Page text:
By Eliseo Tumbaga
The last six months of 2016 had been an extraordinary period in Wesley So’s life as a chess professional. With success in major competitions and a much-improved financial situation, he has decided – after some tentative steps -- that the time has come to get a top-notch coach who can help him get to the next level.
So won two super-tournaments – the Sinquefield Cup in August and the London Chess Classic in December – which enabled him to win the overall championship of the Grand Chess Tour. These were the strongest competitions that he had ever won in his entire life.
Also, for the first time, he breached the 2800 rating threshold and moved up to #4 in the world rankings with a FIDE rating of 2808 on New Year’s Day 2017.
Wesley So with his two crystal trophies - for the London Chess Classic and for the Grand Chess Tour (photo by L. Ootes)
By the end of the London Classic, So had also attained an unbeaten streak of 43 games consisting of 17 wins and 26 draws. The last time he lost to anyone was on July 16, 2016, to Magnus Carlsen, in the fourth round of the Bilbao Masters super-tournament.
Part of this 43-game streak was his gold-medal result on Board 3 at the Baku Olympiad – the first time he had played in the Olympiad under the flag of the United States, with Fabiano Caruana, Hikaru Nakamura, Sam Shankland, and Ray Robson as teammates.
As it happened, the United States won its first Olympiad gold in 40 years – the first since Haifa 1976 – and So’s output of 8.5/10 from seven wins and three draws not only contributed significantly to the team’s first place in the final standings but also earned for himself an individual gold medal with a performance rating of 2896.
By December 2016, So had also made an important decision – employing a personal coach who could help him get to the top of the world rankings and enable him to mount a serious challenge for the world championship in the near future.
The name of the coach? None other than the Ukrainian grandmaster and veteran coach Vladimir Tukmakov, who has had a distinguished career as a player, trainer, and author of three books.
“We considered different people,” Lotis Key-Kabigting, So’s foster mother, disclosed. “And while there are many talented coaches out there, there are many different angles to be considered apart from expertise. Apart from skill level, you need to match temperament and style.”
“Wesley is a mild-mannered, quiet boy who had to make his own way in life without a personal coach up to the present time. Because of that, he has developed differently than others who were fortunate enough to move into a coaching relationship early in life.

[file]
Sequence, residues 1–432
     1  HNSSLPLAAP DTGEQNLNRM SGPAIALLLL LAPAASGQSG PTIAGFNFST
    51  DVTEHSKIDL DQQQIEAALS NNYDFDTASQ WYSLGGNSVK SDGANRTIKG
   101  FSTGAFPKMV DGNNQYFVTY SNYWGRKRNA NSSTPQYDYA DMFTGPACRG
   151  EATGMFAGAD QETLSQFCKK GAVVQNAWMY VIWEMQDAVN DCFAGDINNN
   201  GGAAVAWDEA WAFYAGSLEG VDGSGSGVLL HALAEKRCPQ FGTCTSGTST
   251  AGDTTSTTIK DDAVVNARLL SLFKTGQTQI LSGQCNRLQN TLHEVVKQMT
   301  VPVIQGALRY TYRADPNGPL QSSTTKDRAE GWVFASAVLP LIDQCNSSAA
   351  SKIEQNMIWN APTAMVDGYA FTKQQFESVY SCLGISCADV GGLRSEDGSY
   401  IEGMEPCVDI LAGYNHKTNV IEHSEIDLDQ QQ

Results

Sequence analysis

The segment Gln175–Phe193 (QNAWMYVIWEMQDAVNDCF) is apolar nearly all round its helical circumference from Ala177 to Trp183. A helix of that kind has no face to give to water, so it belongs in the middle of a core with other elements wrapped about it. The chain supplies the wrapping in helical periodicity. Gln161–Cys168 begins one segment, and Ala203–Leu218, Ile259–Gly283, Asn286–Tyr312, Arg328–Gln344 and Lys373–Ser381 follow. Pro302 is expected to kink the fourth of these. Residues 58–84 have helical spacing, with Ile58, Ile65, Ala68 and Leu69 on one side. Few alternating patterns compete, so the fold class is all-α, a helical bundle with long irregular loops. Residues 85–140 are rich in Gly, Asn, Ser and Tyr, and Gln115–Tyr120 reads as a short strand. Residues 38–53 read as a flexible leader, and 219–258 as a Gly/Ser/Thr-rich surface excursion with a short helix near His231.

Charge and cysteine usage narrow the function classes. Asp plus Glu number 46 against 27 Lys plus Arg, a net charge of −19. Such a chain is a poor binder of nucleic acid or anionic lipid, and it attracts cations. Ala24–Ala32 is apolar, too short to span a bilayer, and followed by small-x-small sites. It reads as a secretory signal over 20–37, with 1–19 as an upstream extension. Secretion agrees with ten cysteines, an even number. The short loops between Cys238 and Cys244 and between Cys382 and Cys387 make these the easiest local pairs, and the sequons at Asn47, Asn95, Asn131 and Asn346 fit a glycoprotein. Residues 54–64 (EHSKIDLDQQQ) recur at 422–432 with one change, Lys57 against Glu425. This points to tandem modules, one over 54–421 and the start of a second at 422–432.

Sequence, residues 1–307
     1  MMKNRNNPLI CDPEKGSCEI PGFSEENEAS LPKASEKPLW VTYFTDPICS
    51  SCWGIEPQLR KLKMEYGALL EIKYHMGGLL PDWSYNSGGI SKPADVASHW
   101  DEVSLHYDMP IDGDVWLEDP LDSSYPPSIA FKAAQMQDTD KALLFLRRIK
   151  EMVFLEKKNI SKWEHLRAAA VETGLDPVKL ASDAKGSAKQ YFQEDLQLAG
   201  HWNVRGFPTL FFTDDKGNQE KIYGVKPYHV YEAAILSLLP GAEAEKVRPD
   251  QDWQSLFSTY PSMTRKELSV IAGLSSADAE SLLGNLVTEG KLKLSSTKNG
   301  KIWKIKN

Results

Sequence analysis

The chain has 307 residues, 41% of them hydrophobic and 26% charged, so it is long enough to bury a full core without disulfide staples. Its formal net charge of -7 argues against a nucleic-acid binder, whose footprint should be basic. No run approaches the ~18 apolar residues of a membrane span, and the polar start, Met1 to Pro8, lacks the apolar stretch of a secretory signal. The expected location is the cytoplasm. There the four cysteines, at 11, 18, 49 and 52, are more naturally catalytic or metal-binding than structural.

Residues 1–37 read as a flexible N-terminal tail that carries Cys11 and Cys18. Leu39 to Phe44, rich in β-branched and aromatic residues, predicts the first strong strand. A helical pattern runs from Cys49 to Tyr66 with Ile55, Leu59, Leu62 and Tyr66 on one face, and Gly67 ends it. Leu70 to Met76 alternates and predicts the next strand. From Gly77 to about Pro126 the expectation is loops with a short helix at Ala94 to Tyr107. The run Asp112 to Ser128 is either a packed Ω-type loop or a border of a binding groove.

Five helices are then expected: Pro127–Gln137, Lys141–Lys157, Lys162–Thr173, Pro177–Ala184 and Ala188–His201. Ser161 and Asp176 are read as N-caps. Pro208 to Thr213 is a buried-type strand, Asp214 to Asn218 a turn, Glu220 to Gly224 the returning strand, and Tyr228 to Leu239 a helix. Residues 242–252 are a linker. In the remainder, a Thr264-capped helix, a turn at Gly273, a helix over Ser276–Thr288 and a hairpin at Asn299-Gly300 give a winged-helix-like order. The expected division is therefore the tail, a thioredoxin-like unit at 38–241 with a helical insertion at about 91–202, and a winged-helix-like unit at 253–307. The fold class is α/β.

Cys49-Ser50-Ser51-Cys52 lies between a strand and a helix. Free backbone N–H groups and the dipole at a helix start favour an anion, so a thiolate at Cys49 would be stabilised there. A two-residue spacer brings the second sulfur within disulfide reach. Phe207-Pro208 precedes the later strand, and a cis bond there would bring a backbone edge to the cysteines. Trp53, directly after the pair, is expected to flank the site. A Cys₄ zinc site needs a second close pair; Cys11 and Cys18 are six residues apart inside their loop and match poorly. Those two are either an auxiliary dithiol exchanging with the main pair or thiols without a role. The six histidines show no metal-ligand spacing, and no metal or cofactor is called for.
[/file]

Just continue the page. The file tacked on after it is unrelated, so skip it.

“Wesley is used to doing it on his own. Although mild-mannered, he is not a boy to be bullied or pushed around. GM Tukmakov is very soft spoken, the gentleman’s gentleman, and although seemingly mild, he has that deep inner toughness on top of the tremendous experience that Wesley still lacks.
“We were introduced by a mutual friend who wishes to remain anonymous several months after Anish Giri and GM Tukmakov parted ways. We had seen him at a few tournaments, so we knew him vaguely. Things proceeded slowly but surely as Wesley and GM Tukmakov began to have conversations and exchange ideas while occasionally meeting over Skype.
Tukmakov was seen everywhere Anish was... and so was Sopiko (photo by Alina L'Ami)
“With his win of the Grand Chess Tour and the added help of the Samford Fellowship, Wesley is now able to make a hiring commitment for a chess coach and has asked GM Tukmakov to guide him towards improvement.”
Hiring top- notch coaches can be expensive and, without sponsors or funding in place, can be a difficult decision to make for young chess professionals who have to go through the uncertainties of competing in tournaments around the world.
Part of the problem was solved when So was selected as the 2016 awardee of the Frank P. Samford Chess Fellowship, which granted him a stipend of $42,000 for a one-year period beginning on July 1.
IM John Donaldson, a member of the Samford Fellowship committee that selects the awardee every year, gave this backgrounder:
“The Samford is the richest and most important chess fellowship in the United States having awarded over two million dollars the past three decades. It identifies and assists the best young American chess masters by providing top-level coaching, strong competition and access to study materials. The Fellowship also supplies a monthly stipend for living expenses so that the winners may devote themselves to chess without having financial worries.
“Since its inception the Fellowship has proven very successful. Many Samford Fellows have become strong grandmasters, members of the United States Olympiad team and U.S. champions… The winners’ potential was determined based on their chess talent, work ethic, dedication and accomplishments.”
With financial support secured, So began working with GM Tukmakov more than seven months ago on a trial basis.